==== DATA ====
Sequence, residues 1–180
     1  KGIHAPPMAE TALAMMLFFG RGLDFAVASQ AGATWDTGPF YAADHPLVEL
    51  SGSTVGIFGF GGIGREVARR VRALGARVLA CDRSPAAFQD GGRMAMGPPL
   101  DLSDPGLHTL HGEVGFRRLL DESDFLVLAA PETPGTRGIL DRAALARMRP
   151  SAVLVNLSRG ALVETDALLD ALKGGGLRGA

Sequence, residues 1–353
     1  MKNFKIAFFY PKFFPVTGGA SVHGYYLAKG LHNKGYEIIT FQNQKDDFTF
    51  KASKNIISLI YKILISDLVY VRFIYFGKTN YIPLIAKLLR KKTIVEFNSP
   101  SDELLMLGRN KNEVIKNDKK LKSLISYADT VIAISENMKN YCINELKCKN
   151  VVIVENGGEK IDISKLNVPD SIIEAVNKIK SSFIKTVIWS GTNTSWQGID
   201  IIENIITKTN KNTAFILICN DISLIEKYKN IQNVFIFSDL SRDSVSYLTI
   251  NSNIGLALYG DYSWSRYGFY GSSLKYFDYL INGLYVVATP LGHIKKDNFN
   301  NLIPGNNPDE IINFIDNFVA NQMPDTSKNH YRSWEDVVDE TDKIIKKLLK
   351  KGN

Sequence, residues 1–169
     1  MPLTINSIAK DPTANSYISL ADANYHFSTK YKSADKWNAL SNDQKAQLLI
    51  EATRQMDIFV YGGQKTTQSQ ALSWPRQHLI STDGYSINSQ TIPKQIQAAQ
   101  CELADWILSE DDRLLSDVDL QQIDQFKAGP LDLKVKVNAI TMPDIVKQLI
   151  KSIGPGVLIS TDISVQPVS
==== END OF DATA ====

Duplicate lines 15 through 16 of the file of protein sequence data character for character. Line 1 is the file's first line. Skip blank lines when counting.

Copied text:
Sequence, residues 1–169
     1  MPLTINSIAK DPTANSYISL ADANYHFSTK YKSADKWNAL SNDQKAQLLI